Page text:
Ocular Inflammation is inflammation of the uvea, the middle layer of your eye. The eye is shaped much like a tennis ball, with three different layers of tissue surrounding a central gel-filled cavity. The innermost layer is the retina, which senses light and helps to send images to your brain. The middle layer between the sclera and retina is called the uvea. The outermost layer is the sclera, the strong white wall of the eye.
Ocular inflammation has become a hot topic in ophthalmology, involving also several areas of medicine: internal medicine, surgery, basic research, physiology, pharmacology, microbiology, immunology, rheumatology, pharmacology, or laboratory. There are many ocular inflammatory diseases in different locations, including orbit, ocular adnexa, ocular surface, conjunctiva, cornea, sclera, uvea, retinal vessels, and optic nerve.
The uvea contains many blood vessels – veins and arteries that carry blood flow to the eye. Since it nourishes many important parts of the eye (such as the retina), inflammation of the uvea can damage your sight.
Ocular inflammation may be the result of a wide variety of causes, including infection and inflammatory disorders. Some conditions may affect other parts of the body. In many cases however, despite thorough investigations, the cause remains unknown.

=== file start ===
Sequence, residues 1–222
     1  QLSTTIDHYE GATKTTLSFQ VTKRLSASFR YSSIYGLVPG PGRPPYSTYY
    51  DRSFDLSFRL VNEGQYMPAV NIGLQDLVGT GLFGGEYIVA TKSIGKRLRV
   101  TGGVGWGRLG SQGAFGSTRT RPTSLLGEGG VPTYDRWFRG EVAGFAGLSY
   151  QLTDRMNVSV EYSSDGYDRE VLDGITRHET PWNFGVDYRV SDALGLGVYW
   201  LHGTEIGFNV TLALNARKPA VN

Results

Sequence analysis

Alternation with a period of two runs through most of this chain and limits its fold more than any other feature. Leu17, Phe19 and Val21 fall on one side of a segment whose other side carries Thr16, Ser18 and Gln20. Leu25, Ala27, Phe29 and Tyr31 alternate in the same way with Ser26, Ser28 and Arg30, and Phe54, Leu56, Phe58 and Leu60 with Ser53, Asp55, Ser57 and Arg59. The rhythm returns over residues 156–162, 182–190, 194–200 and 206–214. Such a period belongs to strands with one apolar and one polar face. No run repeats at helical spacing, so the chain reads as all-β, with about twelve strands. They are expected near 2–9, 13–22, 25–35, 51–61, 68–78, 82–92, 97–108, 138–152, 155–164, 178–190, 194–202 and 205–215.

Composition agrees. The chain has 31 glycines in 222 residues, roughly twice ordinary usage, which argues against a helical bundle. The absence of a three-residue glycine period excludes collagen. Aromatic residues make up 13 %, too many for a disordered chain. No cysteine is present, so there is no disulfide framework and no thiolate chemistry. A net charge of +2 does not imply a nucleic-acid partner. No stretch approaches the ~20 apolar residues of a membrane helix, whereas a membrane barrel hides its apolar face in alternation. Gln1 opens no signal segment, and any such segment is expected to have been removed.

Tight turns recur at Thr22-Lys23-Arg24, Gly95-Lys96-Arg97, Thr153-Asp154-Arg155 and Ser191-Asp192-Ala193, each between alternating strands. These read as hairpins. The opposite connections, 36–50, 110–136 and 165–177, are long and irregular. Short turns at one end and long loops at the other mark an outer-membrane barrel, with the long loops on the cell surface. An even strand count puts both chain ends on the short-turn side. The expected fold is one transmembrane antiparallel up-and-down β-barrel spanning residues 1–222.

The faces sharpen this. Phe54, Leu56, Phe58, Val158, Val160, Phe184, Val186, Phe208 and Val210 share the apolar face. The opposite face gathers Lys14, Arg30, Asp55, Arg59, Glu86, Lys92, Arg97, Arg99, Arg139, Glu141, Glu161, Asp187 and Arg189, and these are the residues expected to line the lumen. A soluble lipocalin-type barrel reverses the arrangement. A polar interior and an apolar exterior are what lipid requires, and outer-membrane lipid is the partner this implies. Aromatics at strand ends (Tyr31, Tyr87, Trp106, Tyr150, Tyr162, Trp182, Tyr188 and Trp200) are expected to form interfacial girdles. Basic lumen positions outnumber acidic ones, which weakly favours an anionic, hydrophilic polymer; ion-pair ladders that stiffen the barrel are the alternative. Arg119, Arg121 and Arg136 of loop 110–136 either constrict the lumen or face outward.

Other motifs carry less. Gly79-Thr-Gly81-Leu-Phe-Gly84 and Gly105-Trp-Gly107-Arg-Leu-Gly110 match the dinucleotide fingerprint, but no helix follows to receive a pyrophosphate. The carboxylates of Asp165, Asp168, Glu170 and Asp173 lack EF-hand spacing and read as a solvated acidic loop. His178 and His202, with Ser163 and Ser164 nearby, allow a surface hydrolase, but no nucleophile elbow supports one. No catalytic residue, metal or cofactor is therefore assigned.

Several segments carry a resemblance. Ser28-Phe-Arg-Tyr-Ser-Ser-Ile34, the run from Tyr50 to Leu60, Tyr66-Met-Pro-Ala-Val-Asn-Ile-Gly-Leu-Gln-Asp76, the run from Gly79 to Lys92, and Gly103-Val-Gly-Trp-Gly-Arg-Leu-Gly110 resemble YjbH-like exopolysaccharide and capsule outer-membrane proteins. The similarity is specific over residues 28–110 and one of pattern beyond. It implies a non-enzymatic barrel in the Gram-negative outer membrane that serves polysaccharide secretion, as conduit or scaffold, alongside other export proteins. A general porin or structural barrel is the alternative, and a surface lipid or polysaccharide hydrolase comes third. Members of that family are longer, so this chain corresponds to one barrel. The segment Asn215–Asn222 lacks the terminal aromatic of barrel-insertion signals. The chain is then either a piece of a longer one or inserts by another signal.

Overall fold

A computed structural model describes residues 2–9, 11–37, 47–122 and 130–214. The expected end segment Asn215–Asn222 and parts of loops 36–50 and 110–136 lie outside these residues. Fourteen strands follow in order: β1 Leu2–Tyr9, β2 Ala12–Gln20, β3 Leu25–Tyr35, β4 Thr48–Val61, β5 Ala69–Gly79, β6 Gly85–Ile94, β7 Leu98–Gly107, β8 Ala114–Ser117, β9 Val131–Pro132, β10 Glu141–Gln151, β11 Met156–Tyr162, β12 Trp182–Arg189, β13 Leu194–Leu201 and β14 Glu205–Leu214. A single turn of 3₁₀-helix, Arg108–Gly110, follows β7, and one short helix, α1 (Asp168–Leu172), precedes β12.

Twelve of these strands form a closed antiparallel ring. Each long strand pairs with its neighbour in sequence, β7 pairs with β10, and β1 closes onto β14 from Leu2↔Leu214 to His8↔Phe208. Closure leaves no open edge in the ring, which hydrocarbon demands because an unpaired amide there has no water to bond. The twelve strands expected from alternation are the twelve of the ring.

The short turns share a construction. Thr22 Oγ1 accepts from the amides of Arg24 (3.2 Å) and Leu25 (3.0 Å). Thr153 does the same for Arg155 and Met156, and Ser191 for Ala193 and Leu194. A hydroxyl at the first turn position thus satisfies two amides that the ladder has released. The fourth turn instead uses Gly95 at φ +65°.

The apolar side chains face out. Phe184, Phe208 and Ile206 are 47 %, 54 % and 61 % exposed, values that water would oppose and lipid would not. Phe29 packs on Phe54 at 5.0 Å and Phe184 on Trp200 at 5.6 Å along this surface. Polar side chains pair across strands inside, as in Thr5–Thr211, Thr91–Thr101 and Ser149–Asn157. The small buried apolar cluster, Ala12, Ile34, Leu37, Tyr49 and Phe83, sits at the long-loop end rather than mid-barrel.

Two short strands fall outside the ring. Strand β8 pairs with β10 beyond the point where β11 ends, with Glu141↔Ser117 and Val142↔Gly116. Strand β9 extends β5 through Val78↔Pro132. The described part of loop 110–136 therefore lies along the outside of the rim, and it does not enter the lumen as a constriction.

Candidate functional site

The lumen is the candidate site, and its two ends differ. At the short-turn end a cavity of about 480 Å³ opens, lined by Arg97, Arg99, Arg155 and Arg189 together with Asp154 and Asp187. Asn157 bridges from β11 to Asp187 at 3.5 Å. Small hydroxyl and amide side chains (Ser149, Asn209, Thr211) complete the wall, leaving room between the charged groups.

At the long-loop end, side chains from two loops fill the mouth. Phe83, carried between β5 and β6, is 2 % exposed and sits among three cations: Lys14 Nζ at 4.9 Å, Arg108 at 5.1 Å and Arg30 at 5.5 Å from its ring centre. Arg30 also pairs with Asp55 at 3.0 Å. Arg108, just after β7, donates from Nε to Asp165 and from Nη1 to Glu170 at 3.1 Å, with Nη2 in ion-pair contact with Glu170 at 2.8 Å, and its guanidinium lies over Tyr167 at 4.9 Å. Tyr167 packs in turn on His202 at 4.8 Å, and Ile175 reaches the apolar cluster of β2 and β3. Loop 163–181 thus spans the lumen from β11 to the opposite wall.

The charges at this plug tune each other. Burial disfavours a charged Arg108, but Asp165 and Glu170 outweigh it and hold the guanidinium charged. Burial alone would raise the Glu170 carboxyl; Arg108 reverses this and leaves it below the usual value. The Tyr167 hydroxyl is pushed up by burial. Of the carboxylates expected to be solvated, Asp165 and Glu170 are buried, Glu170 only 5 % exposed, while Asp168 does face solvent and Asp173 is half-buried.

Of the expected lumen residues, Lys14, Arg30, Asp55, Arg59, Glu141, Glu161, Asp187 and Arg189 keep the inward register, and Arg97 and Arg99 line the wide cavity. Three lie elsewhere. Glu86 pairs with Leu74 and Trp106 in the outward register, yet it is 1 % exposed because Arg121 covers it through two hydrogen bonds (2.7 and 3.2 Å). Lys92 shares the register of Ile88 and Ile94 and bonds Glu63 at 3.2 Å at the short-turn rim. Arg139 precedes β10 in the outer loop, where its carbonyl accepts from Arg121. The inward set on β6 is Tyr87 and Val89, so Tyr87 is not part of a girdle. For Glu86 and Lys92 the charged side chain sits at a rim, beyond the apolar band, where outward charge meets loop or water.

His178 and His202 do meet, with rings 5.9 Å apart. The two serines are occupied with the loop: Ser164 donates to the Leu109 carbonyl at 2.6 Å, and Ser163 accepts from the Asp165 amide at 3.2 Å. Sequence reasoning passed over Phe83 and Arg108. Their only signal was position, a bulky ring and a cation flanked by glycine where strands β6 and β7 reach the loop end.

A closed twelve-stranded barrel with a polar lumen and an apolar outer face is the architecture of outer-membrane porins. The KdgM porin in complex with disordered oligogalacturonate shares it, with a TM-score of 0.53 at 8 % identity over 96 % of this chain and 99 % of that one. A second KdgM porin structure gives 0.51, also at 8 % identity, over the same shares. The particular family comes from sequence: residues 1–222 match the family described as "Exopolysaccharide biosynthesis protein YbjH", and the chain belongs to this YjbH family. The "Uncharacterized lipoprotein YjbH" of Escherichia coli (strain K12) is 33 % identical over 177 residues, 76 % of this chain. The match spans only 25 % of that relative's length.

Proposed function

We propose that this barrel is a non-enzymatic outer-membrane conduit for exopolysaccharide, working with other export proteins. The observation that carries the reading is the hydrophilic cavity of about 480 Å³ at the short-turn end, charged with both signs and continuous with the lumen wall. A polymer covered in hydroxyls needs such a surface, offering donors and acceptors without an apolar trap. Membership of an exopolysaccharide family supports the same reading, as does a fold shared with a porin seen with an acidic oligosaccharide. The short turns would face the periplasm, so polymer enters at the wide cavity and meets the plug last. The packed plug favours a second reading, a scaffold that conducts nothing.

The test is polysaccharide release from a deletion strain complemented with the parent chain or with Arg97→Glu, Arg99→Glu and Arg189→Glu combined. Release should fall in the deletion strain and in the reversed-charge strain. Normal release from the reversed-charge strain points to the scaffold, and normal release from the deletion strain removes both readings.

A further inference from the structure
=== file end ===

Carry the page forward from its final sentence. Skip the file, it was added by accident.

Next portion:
A careful eye examination by an ophthalmologist is extremely important when symptoms occur. Inflammation inside the eye can permanently affect sight or even lead to blindness, if it is not treated. Your ophthalmologist will examine the inside of your eye. He or she may order blood tests, skin tests or x-rays to help make the diagnosis. Since uveitis can be associated with disease in the rest of the body, your ophthalmologist will want to know about your overall health. He or she may want to consult with your primary care physician or other medical specialists.
Ocular inflammation is a serious eye condition that may scar the eye. You need to have it treated as soon as possible. Eye drops, especially steroids and pupil dilators, can reduce inflammation and pain. For more severe inflammation, oral medication or injections may be necessary.
Redness, pain, watering,Redness, pain, photophobia, watering, elevated eye pressure, vision may or may not be affected,Floaters, blurred vision,